“When you’re just starting your life, cancer forces you to face the end of your life and that impacts the rest of your life.”
– My late buddy Steve Webster, YACCer
Twenty-five years ago today, I was diagnosed with cancer.
I was a regular 22 year-old kid, just out of business school and chasing his dreams, pushing my limits anywhere I could find them, and having a great time doing it.
On November 9, 1998, six months after grad, I learned I had acute myeloid leukemia (AML). Within a month I closed my business, moved back home, and my social circle was restricted to match my poor immunity.
During my first day pass before even starting chemo, my dad dropped me at my apartment because I’m deeply practical and wanted my pillow, sweats, and music to make my hospital room more comfortable.
“We will do whatever we need to do to get through this.”
My dad’s words meant a lot that fall afternoon. In a surprising way, they mean more now. We had no idea what was ahead but I knew he and my entire family had my back no matter what. And damn, that commitment was tested, many, many times.
The five-year survival for AML back then was 14 per cent, but more than 50 per cent of patients getting AML were over 65. “Five years” is a milestone tied to “remission” for a lot of cancer patients. I had no idea what to expect from my treatment, or life afterward.
For Dad, “whatever we need to do” included donating bone marrow for a transplant, which combined with chemo and radiation gave me a 70 per cent chance of getting to that five-year mark. I got just over two before I relapsed.
The stats can be demoralizing, but they can also give you fuel
There were incredible gifts accompanying my cancer rollercoaster ride, a deeper awareness of self and appreciation for everything were among them. I always wanted to know my odds, it helped with my mindset and it didn’t take long before I was thinking, “Five-year survival?! I’m 22, what’s 50-year survival!?”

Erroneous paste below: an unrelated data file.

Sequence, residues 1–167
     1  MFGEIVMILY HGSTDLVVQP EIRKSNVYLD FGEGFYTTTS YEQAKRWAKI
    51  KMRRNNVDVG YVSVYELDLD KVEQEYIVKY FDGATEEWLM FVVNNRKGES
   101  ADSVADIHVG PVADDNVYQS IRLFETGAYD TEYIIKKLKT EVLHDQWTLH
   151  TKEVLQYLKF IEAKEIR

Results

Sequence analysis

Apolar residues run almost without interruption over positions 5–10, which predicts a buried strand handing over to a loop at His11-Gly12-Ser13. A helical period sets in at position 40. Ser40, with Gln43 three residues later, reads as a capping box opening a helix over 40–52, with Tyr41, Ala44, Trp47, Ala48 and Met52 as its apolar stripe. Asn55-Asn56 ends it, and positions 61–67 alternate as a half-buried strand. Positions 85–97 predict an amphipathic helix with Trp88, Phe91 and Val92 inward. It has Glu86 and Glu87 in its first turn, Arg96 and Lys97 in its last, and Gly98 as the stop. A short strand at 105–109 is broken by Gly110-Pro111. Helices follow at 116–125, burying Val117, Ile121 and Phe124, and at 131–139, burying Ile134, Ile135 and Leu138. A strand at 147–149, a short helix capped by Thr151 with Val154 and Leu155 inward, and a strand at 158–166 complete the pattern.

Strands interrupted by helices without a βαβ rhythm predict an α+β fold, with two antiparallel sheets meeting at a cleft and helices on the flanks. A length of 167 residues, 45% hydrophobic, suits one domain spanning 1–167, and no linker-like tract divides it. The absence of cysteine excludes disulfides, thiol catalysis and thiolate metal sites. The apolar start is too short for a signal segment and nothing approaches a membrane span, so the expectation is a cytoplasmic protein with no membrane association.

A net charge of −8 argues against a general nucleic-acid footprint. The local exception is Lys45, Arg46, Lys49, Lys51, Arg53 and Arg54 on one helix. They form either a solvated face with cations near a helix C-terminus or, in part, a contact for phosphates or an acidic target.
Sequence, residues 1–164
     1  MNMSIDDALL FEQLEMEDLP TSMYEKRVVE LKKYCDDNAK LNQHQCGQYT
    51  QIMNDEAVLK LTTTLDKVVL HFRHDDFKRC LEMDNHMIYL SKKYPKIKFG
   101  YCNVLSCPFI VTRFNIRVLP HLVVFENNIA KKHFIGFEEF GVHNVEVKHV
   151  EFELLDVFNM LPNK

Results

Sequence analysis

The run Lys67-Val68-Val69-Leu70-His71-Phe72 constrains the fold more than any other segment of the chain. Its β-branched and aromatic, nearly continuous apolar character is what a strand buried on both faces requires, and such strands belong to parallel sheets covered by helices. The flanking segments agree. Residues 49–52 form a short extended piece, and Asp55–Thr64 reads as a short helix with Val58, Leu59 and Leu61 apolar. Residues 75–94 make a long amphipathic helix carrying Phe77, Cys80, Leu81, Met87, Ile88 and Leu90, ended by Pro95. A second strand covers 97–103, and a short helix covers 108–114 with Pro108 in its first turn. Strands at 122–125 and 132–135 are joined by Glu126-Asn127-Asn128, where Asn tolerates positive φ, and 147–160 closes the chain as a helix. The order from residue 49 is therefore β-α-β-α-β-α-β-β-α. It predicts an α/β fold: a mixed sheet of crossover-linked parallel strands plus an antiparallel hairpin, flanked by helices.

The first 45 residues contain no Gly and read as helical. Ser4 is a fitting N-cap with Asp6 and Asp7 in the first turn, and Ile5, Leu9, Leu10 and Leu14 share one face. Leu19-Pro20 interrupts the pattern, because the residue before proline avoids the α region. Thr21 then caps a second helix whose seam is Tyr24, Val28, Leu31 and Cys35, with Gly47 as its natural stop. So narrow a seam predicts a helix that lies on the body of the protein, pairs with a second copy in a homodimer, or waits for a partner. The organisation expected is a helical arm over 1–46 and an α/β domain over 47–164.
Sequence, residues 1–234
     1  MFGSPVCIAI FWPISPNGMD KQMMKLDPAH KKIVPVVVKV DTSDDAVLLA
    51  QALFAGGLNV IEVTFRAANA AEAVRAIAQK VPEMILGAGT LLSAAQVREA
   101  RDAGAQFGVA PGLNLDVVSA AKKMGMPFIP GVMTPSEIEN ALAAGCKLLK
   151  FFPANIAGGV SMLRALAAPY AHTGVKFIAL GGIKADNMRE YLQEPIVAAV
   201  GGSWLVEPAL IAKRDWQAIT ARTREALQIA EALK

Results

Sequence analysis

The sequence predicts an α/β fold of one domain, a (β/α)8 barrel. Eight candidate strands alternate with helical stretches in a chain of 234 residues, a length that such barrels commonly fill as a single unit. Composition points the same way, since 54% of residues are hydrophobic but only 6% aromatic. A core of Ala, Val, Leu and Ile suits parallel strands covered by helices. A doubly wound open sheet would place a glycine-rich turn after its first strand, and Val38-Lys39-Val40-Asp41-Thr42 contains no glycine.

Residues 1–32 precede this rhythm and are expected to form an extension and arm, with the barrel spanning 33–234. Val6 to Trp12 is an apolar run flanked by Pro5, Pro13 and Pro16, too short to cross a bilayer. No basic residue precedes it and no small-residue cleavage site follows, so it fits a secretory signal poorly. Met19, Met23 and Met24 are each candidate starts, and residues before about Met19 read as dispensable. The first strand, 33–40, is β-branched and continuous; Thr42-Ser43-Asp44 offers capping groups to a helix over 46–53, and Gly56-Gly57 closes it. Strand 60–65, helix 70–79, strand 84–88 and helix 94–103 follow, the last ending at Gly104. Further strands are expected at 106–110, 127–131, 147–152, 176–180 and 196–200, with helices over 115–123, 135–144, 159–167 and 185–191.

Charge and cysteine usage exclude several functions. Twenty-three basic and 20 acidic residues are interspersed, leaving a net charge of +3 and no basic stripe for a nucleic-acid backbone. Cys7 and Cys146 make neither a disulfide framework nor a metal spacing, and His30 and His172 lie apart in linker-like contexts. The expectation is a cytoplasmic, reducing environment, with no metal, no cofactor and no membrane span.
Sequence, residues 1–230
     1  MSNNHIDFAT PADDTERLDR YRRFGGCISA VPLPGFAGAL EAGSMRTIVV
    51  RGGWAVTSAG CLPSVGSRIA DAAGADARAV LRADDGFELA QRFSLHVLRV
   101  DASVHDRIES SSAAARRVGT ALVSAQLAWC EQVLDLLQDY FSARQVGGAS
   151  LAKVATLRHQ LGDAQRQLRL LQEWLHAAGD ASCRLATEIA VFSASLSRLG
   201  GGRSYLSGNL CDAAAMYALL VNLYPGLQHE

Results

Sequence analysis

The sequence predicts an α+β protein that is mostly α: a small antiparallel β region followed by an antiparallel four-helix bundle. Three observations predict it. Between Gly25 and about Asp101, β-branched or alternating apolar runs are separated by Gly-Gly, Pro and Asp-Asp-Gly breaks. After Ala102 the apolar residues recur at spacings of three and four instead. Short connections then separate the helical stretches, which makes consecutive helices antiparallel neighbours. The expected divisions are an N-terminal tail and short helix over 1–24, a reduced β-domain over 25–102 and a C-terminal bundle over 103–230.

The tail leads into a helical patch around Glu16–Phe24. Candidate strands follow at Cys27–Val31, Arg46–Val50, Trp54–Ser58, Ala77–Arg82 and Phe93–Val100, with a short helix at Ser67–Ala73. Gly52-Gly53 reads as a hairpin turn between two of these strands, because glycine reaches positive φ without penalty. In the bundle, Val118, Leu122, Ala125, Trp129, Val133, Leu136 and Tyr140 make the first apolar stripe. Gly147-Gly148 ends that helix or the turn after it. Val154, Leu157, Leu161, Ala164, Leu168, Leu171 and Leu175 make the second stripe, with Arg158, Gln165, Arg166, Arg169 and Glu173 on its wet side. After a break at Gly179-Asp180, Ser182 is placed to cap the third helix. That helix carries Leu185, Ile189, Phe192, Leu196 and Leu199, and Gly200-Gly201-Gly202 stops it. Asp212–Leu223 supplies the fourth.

Today marks the halfway point of figuring that out, and it’s a milestone I’ve been nurturing consciously all year. It happens to coincide with the launch of Young Adult Cancer Canada’s (YACC) next great research initiative, the Recover Study.
The 22-year-old me craved to see data highlighting the challenges and triumphs in the lives of young adults with cancer over time. The 47-year-old me is grateful to be here and help bring it to life. We are building a cohort of 2,000 young adults that we will follow to better understand their life and cancer for the long road (think 50 years).
Part of my commitment to YACCers today is raising $25,000 to help study life and cancer in young adults for the long road.
- A $25 gift can help cover honorariums for young adults who participate.
- A $250 gift can help build new partnerships with community organizations and health care professionals who will support recruitment and benefit from study findings.
- A $2,500 gift will keep our study leadership team of young adults connected and leading our effort during and after recruitment.
Most of the last 25 years have been immersed in a profound sense of gratitude. For being here after spending a month in ICU on life support after that first transplant with less than a two per cent chance of coming out, for beating the impossible odds of having kids (3!) without fertility preservation (let’s just say Karen and I are grateful for her fast eggs!), for ALL of those who played big and little roles in helping me get here, and for all of those who have helped YACC still be here, too.
Thank you for your continued support of YACC and for being a part of my 25-year run as a cancer survivor.
With deep gratitude for you, here’s to all of us living and loving life.
Live life. Love life.
Photo by Karine Chalifour